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Mar. Drugs 2013, 11(4), 1050-1060;

(±)-Pestalachloride D, an Antibacterial Racemate of Chlorinated Benzophenone Derivative from a Soft Coral-Derived Fungus Pestalotiopsis sp.
Key Laboratory of Marine Drugs, Ministry of Education, School of Medicine and Pharmacy, Ocean University of China, Qingdao 266003, China
School of Pharmacy, Guangdong Medical College, Dongguan 523808, China
College of Chemistry and Chemical Engineering, Luoyang Normal University, Luoyang 471022, China
Authors to whom correspondence should be addressed.
These authors contributed equally to this work.
Received: 17 February 2013; in revised form: 1 March 2013 / Accepted: 15 March 2013 / Published: 28 March 2013


A new antibacterial chlorinated benzophenone derivative, (±)-pestalachloride D (1), along with a related analog, (±)-pestalachloride C (2), was recently isolated from the marine-derived fungus Pestalotiopsis sp. isolated from a soft coral Sarcophyton sp. collected from Yongxing Island in the South China Sea. Both chiral HPLC analysis and single-crystal X-ray data indicated that 1 is a racemic mixture. Interestingly, 1 did not exhibit any effect in the zebrafish embryo teratogenicity assay, while 2 led to abnormal growth. The potential impact on zebrafish embryo growth is discussed based on their crystal structures. The main difference of crystal structures between 1 and 2 is that the six-member non-aromatic ring (O4, C10, C9, C8, C2′, and C3′) in 1 exhibits a distorted chair conformation, while 2 shows a distorted boat conformation. Moreover, compounds 1 and 2 both exhibited moderate antibacterial activity.
(±)-pestalachloride D; antibacterial activity; zebrafish embryo teratogenicity assay; marine-derived fungus; Pestalotiopsis sp.; single-crystal X-ray

1. Introduction

Over the past two decades, marine-derived fungi have proven to be rich sources of structurally novel and biologically active secondary metabolites, which have become significant resources for drug discovery [1,2]. Furthermore, a growing body of evidence indicates that the genus Pestalotiopsis represents a huge and largely untapped resource of natural products with chemical structures that have been optimized by evolution for biological and ecological importance [3]. During the past two decades, about 200 fungal secondary metabolites including terpenoids, alkaloids, lactones, and coumarins, have been reported from this genus [3].
Chemically-induced teratogenicity is preventable with proactive reproductive safety evaluations. The developing zebrafish (Danio rerio) is an in vivo developmental model with a number of advantages over in vitro systems and provides a simple, inexpensive and rapid assay to screen for teratogenicity [4,5]. As part of our ongoing investigation into new natural metabolites, a series of antibacterial, antifouling and cytotoxic products have been isolated from marine fungi from the South China Sea [6,7,8,9]. Under the guidance of zebrafish embryo teratogenicity assay, a new chlorinated benzophenone derivative, (±)-pestalachloride D (1), along with one related known analogue, (±)-pestalachloride C (2) [10] (Figure 1), was obtained from the organic extracts of the marine-derived fungus Pestalotiopsis sp. The fungus was isolated from a soft coral Sarcophyton sp. collected from Yongxing Island in the South China Sea. Both 1 and 2 are dichlorinated and were found to be racemic mixtures by chiral HPLC analysis and single-crystal X-ray data.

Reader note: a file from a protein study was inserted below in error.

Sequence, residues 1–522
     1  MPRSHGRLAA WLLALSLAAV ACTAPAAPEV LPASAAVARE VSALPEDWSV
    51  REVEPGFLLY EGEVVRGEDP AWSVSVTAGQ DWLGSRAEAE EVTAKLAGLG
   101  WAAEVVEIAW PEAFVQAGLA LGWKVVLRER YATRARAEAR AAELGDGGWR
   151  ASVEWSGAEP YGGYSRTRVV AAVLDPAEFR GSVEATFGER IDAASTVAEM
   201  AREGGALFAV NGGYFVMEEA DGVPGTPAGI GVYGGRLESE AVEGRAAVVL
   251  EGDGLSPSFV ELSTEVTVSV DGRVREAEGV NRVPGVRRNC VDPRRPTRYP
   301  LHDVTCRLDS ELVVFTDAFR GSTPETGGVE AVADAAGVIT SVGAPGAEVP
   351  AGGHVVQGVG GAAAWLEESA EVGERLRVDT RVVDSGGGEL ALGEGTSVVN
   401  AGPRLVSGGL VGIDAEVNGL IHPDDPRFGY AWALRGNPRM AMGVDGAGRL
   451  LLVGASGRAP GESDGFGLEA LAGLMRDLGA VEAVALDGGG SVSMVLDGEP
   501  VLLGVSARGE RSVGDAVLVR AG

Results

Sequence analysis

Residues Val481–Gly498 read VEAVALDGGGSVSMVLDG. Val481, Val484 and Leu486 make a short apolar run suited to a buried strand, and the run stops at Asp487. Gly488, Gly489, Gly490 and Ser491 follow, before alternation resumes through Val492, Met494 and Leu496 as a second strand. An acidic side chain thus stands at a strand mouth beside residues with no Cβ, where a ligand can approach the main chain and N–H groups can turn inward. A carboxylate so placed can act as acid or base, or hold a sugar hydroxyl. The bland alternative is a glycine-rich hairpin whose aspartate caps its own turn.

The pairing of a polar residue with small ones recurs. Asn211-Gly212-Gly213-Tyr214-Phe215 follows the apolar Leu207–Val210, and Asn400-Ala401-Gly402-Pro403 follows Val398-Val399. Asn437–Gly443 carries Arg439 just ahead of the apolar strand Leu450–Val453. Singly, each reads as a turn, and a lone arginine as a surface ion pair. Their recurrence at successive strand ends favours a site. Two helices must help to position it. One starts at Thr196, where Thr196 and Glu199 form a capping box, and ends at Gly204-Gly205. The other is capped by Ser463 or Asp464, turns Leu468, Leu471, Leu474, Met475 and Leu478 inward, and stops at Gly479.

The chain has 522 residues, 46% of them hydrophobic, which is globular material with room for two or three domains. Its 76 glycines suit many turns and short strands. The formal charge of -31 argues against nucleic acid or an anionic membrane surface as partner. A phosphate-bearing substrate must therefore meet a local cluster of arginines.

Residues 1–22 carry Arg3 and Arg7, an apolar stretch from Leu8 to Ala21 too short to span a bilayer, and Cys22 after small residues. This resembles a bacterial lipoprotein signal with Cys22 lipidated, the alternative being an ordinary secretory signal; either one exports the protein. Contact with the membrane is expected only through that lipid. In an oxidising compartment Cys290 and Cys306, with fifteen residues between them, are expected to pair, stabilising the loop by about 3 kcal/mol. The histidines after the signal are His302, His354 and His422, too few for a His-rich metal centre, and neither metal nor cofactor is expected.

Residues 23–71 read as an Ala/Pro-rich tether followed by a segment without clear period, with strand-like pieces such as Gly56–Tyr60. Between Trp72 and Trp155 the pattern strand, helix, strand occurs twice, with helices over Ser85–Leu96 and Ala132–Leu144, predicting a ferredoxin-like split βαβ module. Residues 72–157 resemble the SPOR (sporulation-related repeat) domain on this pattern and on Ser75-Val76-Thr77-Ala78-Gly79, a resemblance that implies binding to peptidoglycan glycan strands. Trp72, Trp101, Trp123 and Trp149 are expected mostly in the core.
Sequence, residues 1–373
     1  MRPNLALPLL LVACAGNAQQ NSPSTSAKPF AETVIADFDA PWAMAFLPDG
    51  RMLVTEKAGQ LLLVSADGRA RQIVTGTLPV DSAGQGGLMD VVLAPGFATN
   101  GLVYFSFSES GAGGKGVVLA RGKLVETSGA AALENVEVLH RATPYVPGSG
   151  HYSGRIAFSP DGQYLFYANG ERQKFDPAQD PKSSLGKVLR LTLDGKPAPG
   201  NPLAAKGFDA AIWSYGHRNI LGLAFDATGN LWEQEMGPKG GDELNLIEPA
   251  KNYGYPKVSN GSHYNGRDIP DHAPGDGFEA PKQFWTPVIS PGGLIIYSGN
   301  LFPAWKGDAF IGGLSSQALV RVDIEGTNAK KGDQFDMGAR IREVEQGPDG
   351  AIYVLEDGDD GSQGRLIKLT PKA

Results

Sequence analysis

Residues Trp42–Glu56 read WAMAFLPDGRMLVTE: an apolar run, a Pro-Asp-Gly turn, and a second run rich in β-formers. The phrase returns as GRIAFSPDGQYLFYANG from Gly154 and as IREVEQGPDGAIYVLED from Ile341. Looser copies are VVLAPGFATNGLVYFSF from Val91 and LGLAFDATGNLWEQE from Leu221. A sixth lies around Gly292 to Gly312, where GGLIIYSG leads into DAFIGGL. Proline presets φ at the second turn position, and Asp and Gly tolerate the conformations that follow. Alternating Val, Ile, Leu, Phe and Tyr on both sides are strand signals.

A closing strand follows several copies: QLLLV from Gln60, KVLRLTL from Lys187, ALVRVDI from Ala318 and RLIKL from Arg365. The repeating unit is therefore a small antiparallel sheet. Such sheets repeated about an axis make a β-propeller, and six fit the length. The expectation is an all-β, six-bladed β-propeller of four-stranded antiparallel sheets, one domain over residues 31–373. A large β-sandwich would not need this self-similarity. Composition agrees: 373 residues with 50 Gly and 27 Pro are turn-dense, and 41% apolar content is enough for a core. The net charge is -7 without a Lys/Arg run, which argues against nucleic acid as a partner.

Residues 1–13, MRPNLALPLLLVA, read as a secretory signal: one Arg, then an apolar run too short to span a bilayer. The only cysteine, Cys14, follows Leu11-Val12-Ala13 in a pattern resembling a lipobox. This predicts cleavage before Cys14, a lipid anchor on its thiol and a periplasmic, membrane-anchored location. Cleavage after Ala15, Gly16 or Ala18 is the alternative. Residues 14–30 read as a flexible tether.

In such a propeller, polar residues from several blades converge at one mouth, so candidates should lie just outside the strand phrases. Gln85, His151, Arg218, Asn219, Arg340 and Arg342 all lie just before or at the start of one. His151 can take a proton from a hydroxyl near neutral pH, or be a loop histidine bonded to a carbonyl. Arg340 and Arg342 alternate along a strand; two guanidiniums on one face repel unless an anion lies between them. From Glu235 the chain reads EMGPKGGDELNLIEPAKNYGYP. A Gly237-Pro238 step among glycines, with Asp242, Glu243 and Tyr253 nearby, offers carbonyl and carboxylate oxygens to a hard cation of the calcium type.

Figure 1. Structures of compounds 1 and 2.
Figure 1. Structures of compounds 1 and 2.
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Herein, we report the isolation, structure determination, chiral HPLC analysis, antibacterial activity and zebrafish embryo teratogenicity effect for the racemic mixtures. The potential impact on zebrafish embryo growth is also discussed based on the crystal structures.

2. Results and Discussion

The marine-derived fungus ZJ-2009-7-6, isolated from the soft coral Sarcophyton sp., was identified by molecular characteristics along with morphologic traits as a Pestalotiopsis sp. Both (±)-pestalachloride D (1) and (±)-pestalachloride C (2) were isolated using chromatographic techniques, including column chromatography and semi-preparative HPLC, and their structures were elucidated by comprehensive spectroscopic data (IR, UV and NMR), along with HREIMS and X-ray diffraction analyses.
Compound 1 was obtained as colorless crystals. The HREIMS data (m/z 422.0678, calcd 422.0682) together with its 13C NMR spectrum indicated that it has a molecular formula of C21H20Cl2O5 with 11 degrees of unsaturation. Furthermore, the ratio of [M]•+ isotopic peaks (422:424:426/10:6:1) clearly indicated the presence of two chlorine atoms. The 13C NMR and DEPT spectra revealed 21 carbon signals, including one appearing to be an aldehyde group (δC 193.4) and twelve aromatic carbons, representing two phenyl rings. With nine of the 11 degrees of unsaturation accounted for, the structure of 1 was suggested to contain another two rings. The IR absorption bands at 3444 and 1647 cm−1 suggested the presence of both a hydroxyl and carbonyl groups. Careful comparison of the 1H NMR and 13C NMR data of 1 (Table 1) with those of (±)-pestalachloride C (2), which was previously reported from the plant endophytic fungus Pestalotiopsis adusta (L416) [10], showed close structural homology to 2. The most obvious differences involved coupling constants. In 1, a small coupling constant (J = 6.0 Hz) was observed between H-8 (δH 4.71) and H-2′ (δH 2.81), instead of a large coupling constant observed (J = 11.2 Hz) between H-8 (δH 4.26) and H-2′ (δH 2.30) in 2. This small coupling constant between H-8 and H-2′ indicated a cis-relationship between these protons, where as in 2 it has been reported to have a trans-related. Finally, by slow crystallization from MeOH, single crystals of 1 suitable for X-ray diffraction analysis using Cu Kα radiation were obtained, allowing the structure of 1 to be unambiguously established with H-8 and H-2′ in a cis relationship (Figure 2). Single crystals of 2 were also obtained and measured. According to the crystal data of 1 and 2, the dihedral angles between H-8 and H-2′ were calculated to be ca. 35° and 159°, respectively, which were consistent with the values deduced by the Karplus formula. The planar and relative structure of 1 was completely determined as shown in Figure 2.